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Five Tampa Bay health care facilities getting new CEOs

Talk about turnover at the top. This time it's a new crop of recently arrived or incoming CEOs of some of Tampa Bay's major hospitals and health care facilities.

To some, new blood promises a time of opportunity for regional health care just as the medical world is about to go through even more rapid change from new federal laws, technology and a new wave of attempts to control costs. And, in some cases, new ownership.

The turnover of a quintet of hospital and health care facility chiefs was recently pointed out to me by Dr. Stephen Klasko, CEO of USF Health and dean of the University of South Florida's Morsani School of Medicine. To those titles should be added: health care change agent. Klasko, among other industry leaders, is eager to stir the regional pot to inspire a more innovative health care scene. He sees new blood at the top of some major hospitals as a first step in that direction.

At least five chief executives have retired or moved aside to make room for new leaders at major health institutions, including All Children's Hospital and Bayfront Medical Center in St. Petersburg and Tampa General, St. Joseph's-Baptist Health Care and Moffitt Cancer Center in Tampa.

Combined, those five health organizations represent thousands of hospital beds and hundreds of millions of dollars in research funding. And they form a formidable chunk of core health care services for this metro region.

Gone or going via retirement or by taking on other responsibilities are Gary Carnes, who retired as All Children's chief early last year, and Sue Brody, who last month announced she was stepping down after two decades as head of Bayfront Medical Center.

Also leaving: Ron Hytoff, CEO of Tampa General, who left this month after 12 years, and St. Joseph's Isaac Mallah, who steps down next month after a nearly 37-year career at the hospital. And at Moffitt, longtime chief Dr. Bill Dalton last summer gave up his CEO job to run Moffitt's M2Gen, a for-profit startup specializing in personalized cancer research.

So let's welcome those recently arrived and newcomers to be:

• All Children's is now run by Dr. Jonathan Ellen, a longtime pediatrician and dean at Johns Hopkins University. The addition of All Children's under the prestigious Johns Hopkins umbrella organization remains a great curiosity in regional health care. What will the Hopkins affiliation mean in the long run?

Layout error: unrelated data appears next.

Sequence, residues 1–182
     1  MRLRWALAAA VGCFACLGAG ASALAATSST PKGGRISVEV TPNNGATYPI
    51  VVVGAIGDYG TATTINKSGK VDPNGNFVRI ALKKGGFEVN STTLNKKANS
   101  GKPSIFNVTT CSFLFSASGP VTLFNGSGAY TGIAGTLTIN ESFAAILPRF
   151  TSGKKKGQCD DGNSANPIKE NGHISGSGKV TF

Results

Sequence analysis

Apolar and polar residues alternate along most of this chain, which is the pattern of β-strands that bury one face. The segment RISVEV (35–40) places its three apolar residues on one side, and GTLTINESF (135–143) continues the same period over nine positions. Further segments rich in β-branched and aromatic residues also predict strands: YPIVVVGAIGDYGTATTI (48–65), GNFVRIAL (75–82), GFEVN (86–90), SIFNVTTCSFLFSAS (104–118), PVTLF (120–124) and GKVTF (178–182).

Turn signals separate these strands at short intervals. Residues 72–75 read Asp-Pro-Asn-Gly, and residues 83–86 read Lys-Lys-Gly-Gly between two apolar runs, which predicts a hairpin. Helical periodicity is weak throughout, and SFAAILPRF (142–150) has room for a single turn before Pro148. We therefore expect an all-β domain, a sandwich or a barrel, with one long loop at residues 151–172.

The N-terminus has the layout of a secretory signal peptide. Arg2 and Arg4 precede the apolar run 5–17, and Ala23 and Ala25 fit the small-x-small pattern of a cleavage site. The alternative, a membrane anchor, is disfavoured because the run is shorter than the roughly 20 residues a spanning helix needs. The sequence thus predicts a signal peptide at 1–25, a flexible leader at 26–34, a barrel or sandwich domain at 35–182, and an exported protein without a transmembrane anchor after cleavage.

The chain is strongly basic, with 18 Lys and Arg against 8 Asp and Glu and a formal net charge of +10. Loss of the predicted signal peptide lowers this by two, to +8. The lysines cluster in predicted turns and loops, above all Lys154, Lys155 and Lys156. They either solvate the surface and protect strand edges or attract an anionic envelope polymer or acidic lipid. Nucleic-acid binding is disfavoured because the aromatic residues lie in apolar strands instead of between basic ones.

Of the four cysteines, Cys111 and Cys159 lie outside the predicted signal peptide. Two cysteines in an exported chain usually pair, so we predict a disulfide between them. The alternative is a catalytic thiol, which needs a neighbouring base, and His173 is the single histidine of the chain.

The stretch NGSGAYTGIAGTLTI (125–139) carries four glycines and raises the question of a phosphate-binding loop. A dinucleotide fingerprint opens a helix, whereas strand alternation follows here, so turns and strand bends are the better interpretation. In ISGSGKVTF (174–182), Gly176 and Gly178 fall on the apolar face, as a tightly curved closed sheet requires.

• Succeeding Sue Brody at Bayfront as of April 1 is Kathryn Gillette. She leaves HCA-owned, 257-bed Osceola Regional Medical Center to lead the 480-bed Bayfront just as the St. Petersburg nonprofit becomes part of the for-profit Health Management Associates chain.

• Jim Burkhart, former CEO of Shands Jacksonville Medical Center, became Tampa General CEO this month, succeeding Hytoff. The well-regarded hospital remains an oddity — unaffiliated with a major chain.

• At St. Joseph's, part of the BayCare Health System, Mallah gets a big send-off on March 23 but will stay at least into April. There's still no word on his replacement.

• And at Moffitt, the CEO's job is now held by Dr. Alan List. He was originally recruited by Dalton to the cancer research and treatment organization.

Hospital CEOs tend to stay in their jobs for years. So these five new chiefs (once the last one arrives) may represent a new medical guard well into the fast changing future.

Buckle up, ladies and gentlemen.

Contact Robert Trigaux at trigaux@tampabay.com.

Five Tampa Bay health care facilities getting new CEOs 03/11/13 [Last modified: Monday, March 11, 2013 10:20pm]
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